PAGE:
Unreserved

Why every Navajo baby's first laugh is celebrated

The person who makes the child laugh for the first time has been chosen as the one who welcomes them with a feast for the whole family. 
Jaclyn Roessel is the founder and director of Grownup Navajo. (Fluerette Estes)

Originally published on January 17, 2020. 

Jaclyn Roessel sometimes offers a piece of advice to non-Navajo people: don't tickle a Navajo baby.

That is, unless you want to get stuck with making dinner for the baby and their entire family.

A Navajo baby's first laugh is sacred — it is a symbol of welcoming the child into the greater Navajo community. The person who makes the child laugh for the first time has been chosen as the one who welcomes them with a feast for them and their family. 

"As we all know, in Indigenous communities, family is a very big thing," Roessel said. 

Roessel is the founder and director of Grownup Navajo, an organization that helps integrate Native American and Navajo teachings into museums, government departments and non-profits.

The laughing ceremony is one of those teachings, but it's also something Roessel has first-hand experience with — she was the one who made her niece laugh for the first time.

"This whole ceremony is really meant to show the baby how we're supposed to be as Diné, as very generous people," Roessel said.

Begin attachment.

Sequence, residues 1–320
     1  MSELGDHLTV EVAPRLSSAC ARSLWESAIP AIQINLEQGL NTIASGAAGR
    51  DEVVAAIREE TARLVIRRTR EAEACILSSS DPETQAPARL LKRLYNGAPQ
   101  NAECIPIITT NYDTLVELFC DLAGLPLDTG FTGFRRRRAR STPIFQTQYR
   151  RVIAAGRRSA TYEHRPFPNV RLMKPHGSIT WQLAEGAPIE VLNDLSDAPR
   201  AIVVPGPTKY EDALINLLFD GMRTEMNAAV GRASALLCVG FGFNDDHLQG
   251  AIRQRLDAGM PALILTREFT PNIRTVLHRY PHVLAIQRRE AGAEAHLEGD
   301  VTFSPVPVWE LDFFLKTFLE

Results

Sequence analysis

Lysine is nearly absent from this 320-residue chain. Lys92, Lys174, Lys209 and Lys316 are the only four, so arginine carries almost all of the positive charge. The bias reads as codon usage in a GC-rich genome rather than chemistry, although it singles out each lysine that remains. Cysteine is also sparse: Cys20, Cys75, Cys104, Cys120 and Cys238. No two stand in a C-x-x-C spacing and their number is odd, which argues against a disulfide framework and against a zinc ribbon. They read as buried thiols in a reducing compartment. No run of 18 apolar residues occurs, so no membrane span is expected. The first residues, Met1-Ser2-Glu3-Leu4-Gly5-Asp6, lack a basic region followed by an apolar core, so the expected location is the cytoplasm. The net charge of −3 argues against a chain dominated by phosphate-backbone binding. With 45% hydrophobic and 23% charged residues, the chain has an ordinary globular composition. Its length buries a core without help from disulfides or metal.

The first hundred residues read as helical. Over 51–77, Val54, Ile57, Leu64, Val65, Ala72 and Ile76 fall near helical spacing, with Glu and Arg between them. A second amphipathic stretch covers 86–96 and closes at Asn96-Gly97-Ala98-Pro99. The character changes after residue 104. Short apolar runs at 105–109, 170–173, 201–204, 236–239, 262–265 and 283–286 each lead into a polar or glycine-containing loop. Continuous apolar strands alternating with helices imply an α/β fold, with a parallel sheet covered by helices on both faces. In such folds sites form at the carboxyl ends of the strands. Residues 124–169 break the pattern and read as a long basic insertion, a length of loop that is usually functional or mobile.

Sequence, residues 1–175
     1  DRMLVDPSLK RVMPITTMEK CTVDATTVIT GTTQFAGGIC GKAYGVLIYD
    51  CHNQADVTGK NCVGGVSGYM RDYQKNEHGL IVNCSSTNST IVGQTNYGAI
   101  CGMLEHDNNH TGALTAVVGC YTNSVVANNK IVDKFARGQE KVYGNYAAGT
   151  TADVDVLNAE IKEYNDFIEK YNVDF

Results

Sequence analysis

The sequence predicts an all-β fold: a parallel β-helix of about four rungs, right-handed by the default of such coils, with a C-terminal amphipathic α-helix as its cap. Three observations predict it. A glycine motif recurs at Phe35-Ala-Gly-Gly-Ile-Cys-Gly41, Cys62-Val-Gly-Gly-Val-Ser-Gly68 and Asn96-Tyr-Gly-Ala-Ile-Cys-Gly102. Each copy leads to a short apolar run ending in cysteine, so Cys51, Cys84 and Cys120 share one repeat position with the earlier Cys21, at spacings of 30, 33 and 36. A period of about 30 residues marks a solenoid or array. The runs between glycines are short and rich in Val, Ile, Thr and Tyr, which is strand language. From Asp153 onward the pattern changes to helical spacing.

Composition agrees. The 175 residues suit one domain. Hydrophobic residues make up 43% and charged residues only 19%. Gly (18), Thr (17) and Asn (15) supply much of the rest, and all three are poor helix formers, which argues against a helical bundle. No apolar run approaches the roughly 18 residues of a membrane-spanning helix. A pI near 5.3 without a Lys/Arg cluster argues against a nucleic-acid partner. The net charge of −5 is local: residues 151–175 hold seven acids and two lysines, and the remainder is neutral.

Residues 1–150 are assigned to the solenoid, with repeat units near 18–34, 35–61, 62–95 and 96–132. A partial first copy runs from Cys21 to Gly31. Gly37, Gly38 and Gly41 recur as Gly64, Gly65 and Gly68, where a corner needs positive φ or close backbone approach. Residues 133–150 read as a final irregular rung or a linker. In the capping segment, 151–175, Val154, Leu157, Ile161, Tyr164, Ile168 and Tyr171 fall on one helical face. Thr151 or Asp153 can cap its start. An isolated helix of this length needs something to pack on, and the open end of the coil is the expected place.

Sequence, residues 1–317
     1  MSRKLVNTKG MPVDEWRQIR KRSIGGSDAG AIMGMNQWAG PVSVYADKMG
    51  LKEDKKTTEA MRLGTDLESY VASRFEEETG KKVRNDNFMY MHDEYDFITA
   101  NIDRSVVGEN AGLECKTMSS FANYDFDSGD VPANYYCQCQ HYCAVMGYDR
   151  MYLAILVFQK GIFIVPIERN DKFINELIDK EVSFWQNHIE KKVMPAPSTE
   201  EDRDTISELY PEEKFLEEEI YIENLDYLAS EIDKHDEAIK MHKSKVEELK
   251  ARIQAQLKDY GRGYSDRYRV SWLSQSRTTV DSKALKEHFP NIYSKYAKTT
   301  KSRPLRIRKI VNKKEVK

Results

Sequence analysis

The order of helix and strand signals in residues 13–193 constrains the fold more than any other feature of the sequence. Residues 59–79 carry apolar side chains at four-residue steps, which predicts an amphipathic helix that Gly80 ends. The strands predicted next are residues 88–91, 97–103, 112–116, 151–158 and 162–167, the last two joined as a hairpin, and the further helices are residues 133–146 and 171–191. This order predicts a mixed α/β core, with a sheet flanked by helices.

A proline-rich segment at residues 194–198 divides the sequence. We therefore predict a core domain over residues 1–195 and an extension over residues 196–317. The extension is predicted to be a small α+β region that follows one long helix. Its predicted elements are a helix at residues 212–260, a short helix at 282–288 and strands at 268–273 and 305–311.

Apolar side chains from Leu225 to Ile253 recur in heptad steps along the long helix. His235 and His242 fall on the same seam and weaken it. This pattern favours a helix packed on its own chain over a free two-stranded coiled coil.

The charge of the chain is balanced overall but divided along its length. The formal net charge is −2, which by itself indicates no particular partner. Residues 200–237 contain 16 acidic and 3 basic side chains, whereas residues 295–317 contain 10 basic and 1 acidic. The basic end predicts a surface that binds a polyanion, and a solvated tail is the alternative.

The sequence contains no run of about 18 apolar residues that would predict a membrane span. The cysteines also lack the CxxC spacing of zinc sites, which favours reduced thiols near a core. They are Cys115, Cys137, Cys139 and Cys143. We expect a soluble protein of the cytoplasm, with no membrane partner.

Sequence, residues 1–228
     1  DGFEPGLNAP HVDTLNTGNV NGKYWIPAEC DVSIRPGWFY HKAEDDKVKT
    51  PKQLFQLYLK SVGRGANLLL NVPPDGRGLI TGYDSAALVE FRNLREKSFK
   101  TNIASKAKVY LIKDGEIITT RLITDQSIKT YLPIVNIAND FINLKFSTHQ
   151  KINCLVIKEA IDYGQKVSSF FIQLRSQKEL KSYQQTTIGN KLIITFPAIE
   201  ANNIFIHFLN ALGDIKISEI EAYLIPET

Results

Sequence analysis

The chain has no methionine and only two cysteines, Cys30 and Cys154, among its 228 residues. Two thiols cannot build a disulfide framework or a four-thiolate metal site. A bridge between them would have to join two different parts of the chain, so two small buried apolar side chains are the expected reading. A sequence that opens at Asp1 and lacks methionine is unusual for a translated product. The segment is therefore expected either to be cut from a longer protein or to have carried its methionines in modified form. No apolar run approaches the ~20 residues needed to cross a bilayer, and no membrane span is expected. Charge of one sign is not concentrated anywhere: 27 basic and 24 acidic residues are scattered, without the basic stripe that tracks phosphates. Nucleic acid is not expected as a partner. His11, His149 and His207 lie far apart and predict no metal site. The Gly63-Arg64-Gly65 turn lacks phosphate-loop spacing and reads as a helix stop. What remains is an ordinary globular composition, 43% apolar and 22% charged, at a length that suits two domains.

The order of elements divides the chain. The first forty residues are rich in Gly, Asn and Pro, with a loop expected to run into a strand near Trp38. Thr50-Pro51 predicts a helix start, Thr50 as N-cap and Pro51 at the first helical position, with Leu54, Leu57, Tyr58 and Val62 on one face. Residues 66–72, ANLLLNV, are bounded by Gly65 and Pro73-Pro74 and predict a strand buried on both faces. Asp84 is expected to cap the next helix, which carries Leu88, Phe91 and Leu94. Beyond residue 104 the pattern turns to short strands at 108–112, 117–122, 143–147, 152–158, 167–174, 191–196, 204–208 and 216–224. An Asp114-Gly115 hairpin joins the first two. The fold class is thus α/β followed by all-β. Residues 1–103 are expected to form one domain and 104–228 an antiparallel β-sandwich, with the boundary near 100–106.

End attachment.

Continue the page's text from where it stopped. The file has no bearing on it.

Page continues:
This whole ceremony is really meant to show the baby how we're supposed to be as Diné, as very generous people.- Jaclyn Roessel- Jaclyn Roessel

Unrefined rock salt is a key part of the meal, Roessel explained, and is eaten first as a reminder of the Diné's first meal and connection to the Earth.

The child is also given a gift of turquoise. The child doesn't wear turquoise up until the laughter ceremony, when it's gifted to them.

Roessel gifted her niece a turquoise necklace. 

"It's this beautiful moment, an exchange of also saying that this is how we honour our holy people," she said. "They keep us protected because we wear this stone."

The stone also pays homage to the male part of the Diné people. "We have this fluid identity … we believe we're both women and men, feminine and masculine," she said. "We wear turquoise to honour the male side through Father Sky."

It's a special ceremony to Roessel — and one she was honoured to provide for her niece — but it can be harmful to the wallet.

"My aunties would tease, 'make sure you have a payday coming if you're going to be playing with the baby,' because you have to provide food," Roessel said. "We believe that you do so with a very generous and open heart."

now